Why Does My Tooth Hurt? Part 4: Sinusitis | Imperial Dental Center
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Why Does My Tooth Hurt? Part 4: Sinusitis

As with everything, things are not always the way they appear with tooth pain. Sometimes, that nagging pain in your jaw or mouth may not have anything to do with your teeth after all. That dull uneasy ache in your upper teeth, especially in the back may be a sign of sinusitis, rather than a tooth, jaw or joint problem. Non-specific headache or a feeling of ‘heaviness” in your head may also be a sign of sinusitis, rather than a dental problem. Of course, it is always best to first eliminate the possible dental problems by visiting your dentist as sometimes these two problems can be present at the same time. Although not often, severe dental infections in the upper jaw can traverse into the sinus spaces and vice versa and obtaining the right treatment on time may be of crucial importance.

What is sinusitis?

Sinusitis is actually inflammation of the mucosal lining of the sinuses. Sinuses are actually hollow spaces filled with air that reside in your face and skull bones. This hollow spaces are lined with special mucosa, much like the inside of your nose. This spaces are connected to the cavities in your other bones or the inside of your nose. After a common cold, infections of the sinuses can ensue, causing pressure and pain in your face and upper jaw. Sinusitis can be either acute (sudden) or chronic (long-term). Usually, sinusitis starts as an acute problem that, if left untreated can turn into a long-term, chronic sinusitis that can last for more than 3-4 months or more. Chronic diseases, although milder in nature are typically more resistant to available treatment.

What causes sinusitis?

There are few factors that can cause this problem. Most common factors causing sinusitis are:

  • Common cold viruses
  • Bacteria
  • Fungi

Viruses that cause the common cold usually are also responsible for the sinusitis problems. Therefore, it is not a god idea to ignore your cold. When the mucosal lining of the sinus cavities gets inflamed, it swells, sometimes really significantly, filling in the space of the sinus cavity. This in turn can block the normal draining from the sinuses into the nose and throat areas. The buildup of fluids, combined with the presence of bacteria or fungi, if left untreated, can in turn cause more swelling and build up. The bugs simply love that residual fluid.  Once this ‘vicious” circle is established, the sinus problems may become worse, they can last longer or can turn into a chronic infection that is more difficult to treat. Nasal allergies or other problems that block the nasal passages and allow fluid to build up in the sinuses can also lead to sinusitis.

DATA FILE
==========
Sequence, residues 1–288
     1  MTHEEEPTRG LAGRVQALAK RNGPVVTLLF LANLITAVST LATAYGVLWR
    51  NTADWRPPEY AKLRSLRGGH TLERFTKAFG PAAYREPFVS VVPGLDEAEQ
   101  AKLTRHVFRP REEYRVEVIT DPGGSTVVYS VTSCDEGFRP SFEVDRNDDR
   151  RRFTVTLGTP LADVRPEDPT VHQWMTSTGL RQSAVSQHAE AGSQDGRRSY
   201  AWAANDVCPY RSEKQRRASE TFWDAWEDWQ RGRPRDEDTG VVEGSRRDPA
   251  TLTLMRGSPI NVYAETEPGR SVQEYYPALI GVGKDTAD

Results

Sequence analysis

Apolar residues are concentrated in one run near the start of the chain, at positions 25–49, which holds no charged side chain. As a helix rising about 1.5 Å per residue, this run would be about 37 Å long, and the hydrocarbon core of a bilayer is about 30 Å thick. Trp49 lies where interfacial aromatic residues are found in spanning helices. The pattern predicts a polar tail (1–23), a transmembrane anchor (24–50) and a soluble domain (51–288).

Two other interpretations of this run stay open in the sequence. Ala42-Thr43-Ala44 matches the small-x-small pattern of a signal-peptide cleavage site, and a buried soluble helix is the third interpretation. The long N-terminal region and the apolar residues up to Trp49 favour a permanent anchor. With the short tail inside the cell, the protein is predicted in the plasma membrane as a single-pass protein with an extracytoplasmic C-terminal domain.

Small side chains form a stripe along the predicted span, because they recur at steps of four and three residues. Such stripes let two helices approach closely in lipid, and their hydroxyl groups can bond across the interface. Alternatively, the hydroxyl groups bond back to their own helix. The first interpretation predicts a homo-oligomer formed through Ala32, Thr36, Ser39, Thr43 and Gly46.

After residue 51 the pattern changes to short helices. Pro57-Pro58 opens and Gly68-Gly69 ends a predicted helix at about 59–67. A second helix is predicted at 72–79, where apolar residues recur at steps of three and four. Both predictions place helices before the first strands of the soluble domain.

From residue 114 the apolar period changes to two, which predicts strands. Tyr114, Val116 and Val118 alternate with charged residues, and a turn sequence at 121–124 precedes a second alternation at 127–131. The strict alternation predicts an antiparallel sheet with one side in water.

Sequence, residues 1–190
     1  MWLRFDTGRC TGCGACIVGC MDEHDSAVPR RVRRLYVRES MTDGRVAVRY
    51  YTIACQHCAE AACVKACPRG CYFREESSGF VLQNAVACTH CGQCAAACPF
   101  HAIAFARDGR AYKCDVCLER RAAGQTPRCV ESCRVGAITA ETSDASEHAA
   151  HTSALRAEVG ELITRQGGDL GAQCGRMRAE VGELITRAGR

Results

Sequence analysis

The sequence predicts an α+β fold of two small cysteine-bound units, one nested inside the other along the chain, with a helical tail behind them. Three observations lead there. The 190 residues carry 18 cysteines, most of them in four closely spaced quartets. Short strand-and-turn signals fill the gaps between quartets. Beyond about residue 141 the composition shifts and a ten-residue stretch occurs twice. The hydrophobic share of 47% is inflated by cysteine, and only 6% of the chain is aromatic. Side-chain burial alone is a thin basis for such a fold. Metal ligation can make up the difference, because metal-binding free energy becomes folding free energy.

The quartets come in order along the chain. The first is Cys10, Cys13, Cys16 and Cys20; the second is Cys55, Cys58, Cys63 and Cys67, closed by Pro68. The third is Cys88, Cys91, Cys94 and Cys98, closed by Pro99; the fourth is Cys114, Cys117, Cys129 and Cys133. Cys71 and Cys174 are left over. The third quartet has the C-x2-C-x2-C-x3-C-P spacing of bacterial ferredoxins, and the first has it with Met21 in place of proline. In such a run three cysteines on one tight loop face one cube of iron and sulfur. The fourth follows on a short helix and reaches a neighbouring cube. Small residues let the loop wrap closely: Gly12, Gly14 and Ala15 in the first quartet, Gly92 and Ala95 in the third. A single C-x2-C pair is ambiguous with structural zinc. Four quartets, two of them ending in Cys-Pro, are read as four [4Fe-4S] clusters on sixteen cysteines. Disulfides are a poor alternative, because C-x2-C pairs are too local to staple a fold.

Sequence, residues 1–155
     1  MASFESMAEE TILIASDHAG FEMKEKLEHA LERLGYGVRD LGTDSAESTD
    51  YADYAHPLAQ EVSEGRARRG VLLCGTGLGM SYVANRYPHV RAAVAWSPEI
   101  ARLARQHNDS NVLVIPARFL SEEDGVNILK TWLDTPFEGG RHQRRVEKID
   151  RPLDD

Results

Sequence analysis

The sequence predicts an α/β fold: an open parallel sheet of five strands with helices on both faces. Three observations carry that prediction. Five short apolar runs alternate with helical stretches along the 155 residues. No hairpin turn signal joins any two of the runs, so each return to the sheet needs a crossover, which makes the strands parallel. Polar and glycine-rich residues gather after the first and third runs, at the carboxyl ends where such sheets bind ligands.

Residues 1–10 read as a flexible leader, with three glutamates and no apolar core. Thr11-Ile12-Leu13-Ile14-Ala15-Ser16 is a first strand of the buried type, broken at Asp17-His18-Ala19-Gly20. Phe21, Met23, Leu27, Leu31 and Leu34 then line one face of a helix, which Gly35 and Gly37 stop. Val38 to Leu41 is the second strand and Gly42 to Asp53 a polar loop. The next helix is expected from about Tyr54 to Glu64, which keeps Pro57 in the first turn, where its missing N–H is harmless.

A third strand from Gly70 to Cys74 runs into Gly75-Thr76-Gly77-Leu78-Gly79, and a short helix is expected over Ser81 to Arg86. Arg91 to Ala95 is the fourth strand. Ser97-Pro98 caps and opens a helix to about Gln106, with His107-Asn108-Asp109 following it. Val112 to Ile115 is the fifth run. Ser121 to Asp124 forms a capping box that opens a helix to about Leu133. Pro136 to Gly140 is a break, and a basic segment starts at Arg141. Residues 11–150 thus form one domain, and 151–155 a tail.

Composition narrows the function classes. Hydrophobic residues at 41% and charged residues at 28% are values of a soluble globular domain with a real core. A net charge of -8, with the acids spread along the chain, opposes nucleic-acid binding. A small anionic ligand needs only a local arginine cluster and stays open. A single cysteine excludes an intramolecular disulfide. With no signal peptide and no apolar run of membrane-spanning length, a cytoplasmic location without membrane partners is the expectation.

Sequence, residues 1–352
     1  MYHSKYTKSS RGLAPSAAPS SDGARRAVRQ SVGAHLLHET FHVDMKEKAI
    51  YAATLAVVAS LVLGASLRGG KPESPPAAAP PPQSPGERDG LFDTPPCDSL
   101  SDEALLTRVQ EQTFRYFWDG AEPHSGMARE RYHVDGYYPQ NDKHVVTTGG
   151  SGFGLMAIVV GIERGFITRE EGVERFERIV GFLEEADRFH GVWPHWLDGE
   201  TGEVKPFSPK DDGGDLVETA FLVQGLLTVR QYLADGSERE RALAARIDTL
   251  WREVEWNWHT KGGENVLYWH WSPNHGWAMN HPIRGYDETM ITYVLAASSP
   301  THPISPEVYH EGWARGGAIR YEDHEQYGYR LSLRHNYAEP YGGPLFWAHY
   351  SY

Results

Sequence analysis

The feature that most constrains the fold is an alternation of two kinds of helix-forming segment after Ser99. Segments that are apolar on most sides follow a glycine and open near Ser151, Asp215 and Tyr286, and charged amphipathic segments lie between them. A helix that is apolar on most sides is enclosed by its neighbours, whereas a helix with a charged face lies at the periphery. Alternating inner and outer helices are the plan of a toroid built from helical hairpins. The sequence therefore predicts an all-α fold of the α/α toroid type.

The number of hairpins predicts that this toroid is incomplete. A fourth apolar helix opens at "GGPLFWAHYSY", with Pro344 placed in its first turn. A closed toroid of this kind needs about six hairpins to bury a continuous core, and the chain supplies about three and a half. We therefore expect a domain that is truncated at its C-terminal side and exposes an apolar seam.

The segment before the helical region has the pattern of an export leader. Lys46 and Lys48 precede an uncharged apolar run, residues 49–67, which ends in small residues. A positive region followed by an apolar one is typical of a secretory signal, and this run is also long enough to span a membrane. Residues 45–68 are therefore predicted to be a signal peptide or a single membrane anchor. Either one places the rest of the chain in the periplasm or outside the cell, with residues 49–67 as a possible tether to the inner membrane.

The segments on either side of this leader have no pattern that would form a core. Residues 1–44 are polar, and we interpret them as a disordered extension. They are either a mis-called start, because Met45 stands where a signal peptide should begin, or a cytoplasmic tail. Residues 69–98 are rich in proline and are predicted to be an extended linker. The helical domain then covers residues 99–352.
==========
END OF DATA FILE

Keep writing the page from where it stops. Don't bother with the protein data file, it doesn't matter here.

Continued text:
How to Detect It?

  • dull ache in your upper back teeth
  • headache
  • coughing
  • stuffy or runny nose, with some mucus
  • fever
  • pain in your teeth
  • bad breath
  • reduced sense of smell or taste

What to Do About It?

The dental exam can actually help in excluding other possible reasons for those symptoms, like abscessed tooth, cracked tooth, periodontitis or joint problems. Although dental x-rays are not intended for diagnosis of sinus problems, the maxillary (upper jaw) sinuses can sometimes be seen on dental x-ray. The panoramic x-rays (the big dental x-rays) typically show the maxillary sinuses in their entirety and suspicious appearance of these structures on the panoramic x-rays are sometimes a reason for the dentist to seek a consult from their medical colleagues to further investigate for possible sinus problems. In cases of chronic sinusitis, the symptoms may not be so obvious or pronounced and you learn to live with it. Therefore, a suspicious sinus appearance during a dental exam often leads to the first diagnosis of a sinus problem. Dentist often detect these issues and refer patients for further treatment. You may need to see your medical doctor or an ear nose throat (ENT) specialist, who will determine the cause and treat you.

Viral sinus infections usually go away on their own, it just takes about 10 to 14 days, as antibiotics typically don’t work for viral infections anyways.

Still, there are some things you can do at home to get rid of your symptoms:

  • Drink plenty of fluids. Dehydration is a common complication, especially in children and older adults.
  • Several times a day, wet a towel in hot water and put on your face several times a day, for about 5-10 minutes. You can also use a gel pack that is sold in stores specifically for this purpose. This helps relieve the pressure.
  • Go under the shower, use hot bath or sink filled with hot, steamy water and breathe the warm and moist air.
  • Use saline nose drops, sprays, as well as saline nasal washes.
  • Buy some over the counter pain relievers, if needed. Use as instructed by the manufacturer or discuss with the pharmacist

Bottom line, sinusitis is a common non-dental problem that can sometimes mask as dental or orofacial issue. It is important to rule out and/or treat dental issues, as well as properly diagnose, treat sinusitis; or refer to a specialist for further treatment. At Imperial Dental Center, our experienced dental team led by Dr. Angelova is happy to provide you with the expertise and latest dental technological diagnostic tools available. In cases of suspected non-dental related sinusitis, Dr. Angelova will refer you and collaborate with the appropriate ear nose and throat specialist, in order to properly diagnose and treat your sinus problem.

Imperial Dental Center 281-265-3567